The body is an absolute marvel of engineering. This article will discuss perspectives for pain management that also contribute to improved posture, physical movement, and general wellness.
Acupuncture is well known for treating pain. This approach is different from traditional western medicine as it embraces working with the body’s subtle-energetic patterns (‘chi’ flow). This art considers factors from areas at a distance from the pain and takes into account each individual’s unique blueprint when mapping their plan of care.
Meridian pathways move ‘chi’ throughout the body and follow the network of fascia. Modalities that focus on releasing fascial tension are also popular for reducing pain. However, when users of such systems focus just around the area of pain, relief is usually short-lived.
‘Chi’ energy flows along microscopic channels throughout the body. This has been scientifically proven with radioactive studies. Each channel passes along a predictable route with collaterals that distribute energy to its associated organ or glandular system before connecting to the next channel and so on until the flow returns to the starting point and operates beautifully when there are no blockages within those channels. Think of how a lot of debris across a stream reduces the flow of water downstream so those areas aren’t receiving their share of water while upstream it can cause a pond to develop. This metaphor describes how ‘pressure’ of blocked energy flow in the body contributes to pain, lack of vitality and if the debris turns into a dam, eventually illness can result.
Thankfully, there are easily applied and consistently effective methods for removing these blockages. Even beginners are successful working with ‘chi’ without using acupuncture needles.
Did you know that muscles are associated to meridian circuits? Muscles on a shared circuit are connected somewhat like lightbulbs on strings of holiday lights. When any one of them goes offline the other muscles on that circuit may reflect that state too. Conversely, they respond favorably when a troubled muscle on their circuit is taken care of. Harnessing this knowledge makes providing wellness services efficient.
How is it possible that humans can move so well when all their weight is on just two feet? Why doesn’t their weight crush bones in their feet? How do they maintain equilibrium and strength when they lift something away from their core? How is it they don’t fall flat on their faces when they walk forward? It’s because bodies are an absolute marvel of engineering.
‘Tensegrity’ is a term coined by architect Buckminster Fuller in 1955. It’s relevant to architecture because it describes how structures efficiently distribute stress by balancing compression and tensional forces between components that do not touch. Fuller also coined the term Synergetics for the study of systems and how they function in relation to the action of isolated components.
Dr. Stephen Levin coined the term ‘Biotensegrity’ when applying Tensegrity principles to biological structures. He studied strength and flexbiility between tensioned and compressed body components such as muscles, tendons, ligaments, fascia and bones.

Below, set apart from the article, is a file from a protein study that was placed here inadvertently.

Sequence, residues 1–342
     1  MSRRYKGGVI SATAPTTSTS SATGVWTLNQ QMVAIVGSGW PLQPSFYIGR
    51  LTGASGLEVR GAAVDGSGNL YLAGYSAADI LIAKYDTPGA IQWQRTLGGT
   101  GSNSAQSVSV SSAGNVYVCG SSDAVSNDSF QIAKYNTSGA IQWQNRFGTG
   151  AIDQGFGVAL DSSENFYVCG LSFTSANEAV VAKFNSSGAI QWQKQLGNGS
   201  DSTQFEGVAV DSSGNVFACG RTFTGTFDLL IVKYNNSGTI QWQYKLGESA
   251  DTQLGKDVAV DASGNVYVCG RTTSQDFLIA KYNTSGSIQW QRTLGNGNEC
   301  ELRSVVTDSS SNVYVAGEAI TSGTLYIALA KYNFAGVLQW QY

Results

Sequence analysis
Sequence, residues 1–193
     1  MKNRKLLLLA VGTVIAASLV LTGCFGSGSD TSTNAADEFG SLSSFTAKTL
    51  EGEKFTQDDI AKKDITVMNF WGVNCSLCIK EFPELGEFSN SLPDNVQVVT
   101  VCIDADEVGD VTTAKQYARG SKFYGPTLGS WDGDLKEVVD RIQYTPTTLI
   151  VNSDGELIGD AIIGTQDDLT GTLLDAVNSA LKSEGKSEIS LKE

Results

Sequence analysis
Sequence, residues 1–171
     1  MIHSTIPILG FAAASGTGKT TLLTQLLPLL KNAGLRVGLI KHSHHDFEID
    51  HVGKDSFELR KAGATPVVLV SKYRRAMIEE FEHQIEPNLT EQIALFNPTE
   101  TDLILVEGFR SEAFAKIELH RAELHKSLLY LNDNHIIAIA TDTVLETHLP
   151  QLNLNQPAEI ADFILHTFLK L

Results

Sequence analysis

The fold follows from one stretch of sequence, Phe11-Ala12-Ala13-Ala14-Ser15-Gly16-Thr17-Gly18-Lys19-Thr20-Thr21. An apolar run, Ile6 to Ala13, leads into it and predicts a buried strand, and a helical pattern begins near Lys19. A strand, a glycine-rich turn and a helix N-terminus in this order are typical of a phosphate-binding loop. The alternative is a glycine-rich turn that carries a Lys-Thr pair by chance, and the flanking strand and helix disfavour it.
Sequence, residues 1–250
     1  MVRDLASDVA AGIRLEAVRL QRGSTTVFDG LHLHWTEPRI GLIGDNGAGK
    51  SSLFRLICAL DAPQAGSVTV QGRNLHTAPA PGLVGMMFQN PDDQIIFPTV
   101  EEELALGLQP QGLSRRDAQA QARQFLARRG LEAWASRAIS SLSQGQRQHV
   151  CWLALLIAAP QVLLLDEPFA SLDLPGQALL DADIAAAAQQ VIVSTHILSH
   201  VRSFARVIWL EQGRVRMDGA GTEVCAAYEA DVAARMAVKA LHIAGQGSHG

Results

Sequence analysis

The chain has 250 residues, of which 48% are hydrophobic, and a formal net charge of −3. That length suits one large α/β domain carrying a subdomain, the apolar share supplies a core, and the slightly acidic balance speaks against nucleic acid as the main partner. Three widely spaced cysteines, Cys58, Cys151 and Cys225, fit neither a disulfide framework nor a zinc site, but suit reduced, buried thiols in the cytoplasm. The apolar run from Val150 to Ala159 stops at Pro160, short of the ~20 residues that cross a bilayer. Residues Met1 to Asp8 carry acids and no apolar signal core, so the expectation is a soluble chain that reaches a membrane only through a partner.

Meridian theory and Biotensegrity are just a few of the organizing forces that are critical for bodies to function effortlessly.
“It is tremendously satisfying to find and clear issues distant from the pain for magical results!” - Denise Cambiotti
The Nervous system is another force to harness. Muscles function because of action potentials measured in millivolts that cross membranes and cause neuronal impulses to travel to neuromuscular receptors. These impulses cause them to either tighten or relax. Neuronal signals should remain within specific millivolt ranges otherwise muscles become tight and spastic (over-facilitated) or loose and flaccid (under-facilitated).
Proper facilitation moves the body because signals are sent to opposing muscles to work collaboratively. A limb moves because of muscles in contraction. For that pulling action to be fluid, opposing muscles must relax in ratio to the force of pull. Improper facilitation causes a lack of coordination which may be observed as jerky or mistimed movements and/or pain. Facilitation MUST be addressed to solve chronic discomfort.
Applied Kinesiology (AK) researchers in the 1960’s discovered how to work with the nervous system in combination with the acupuncture system via an evaluation method called ‘muscle testing’ which was originally developed by physiotherapists. Reasonable pressure is exerted upon a limb positioned in a specific way to contract and isolate a single muscle. Observation while pushing through the range of motion would reveal whether this muscle would lock (appear strong) or unlock (appear weak). The AK doctors created a huge body of empirical knowledge matching areas of dysfunction and reflexes to improve the condition.
Many professionals and laypersons worldwide utilize some form of muscle testing ranging from heavy pressure as per the Oxford Scale to ‘energetic’ approaches which utilize light pressure. The lighter approach reveals issues with neuromuscular integration rather than actual strength of muscles.
For chronic pain it’s worthwhile to consider that:
With one foot solidly in science and the other in energy healing, I developed and teach a system called Muscle Tuning™ that integrates concepts mentioned above. My mission is to help wellness professionals easily learn and apply a new tool so that clients experience less discomfort and greater physical function as rapidly as possible. This approach addresses conditions that often go unrecognized and therefore unresolved. Muscle Tuning is a customized service which provides durable results and can be offered in any setting from the clinic to the side of a sports venue.
If you have any questions for me, reach out: [email protected]
© 2022 Denise Cambiotti – Muscle Tuners International Inc.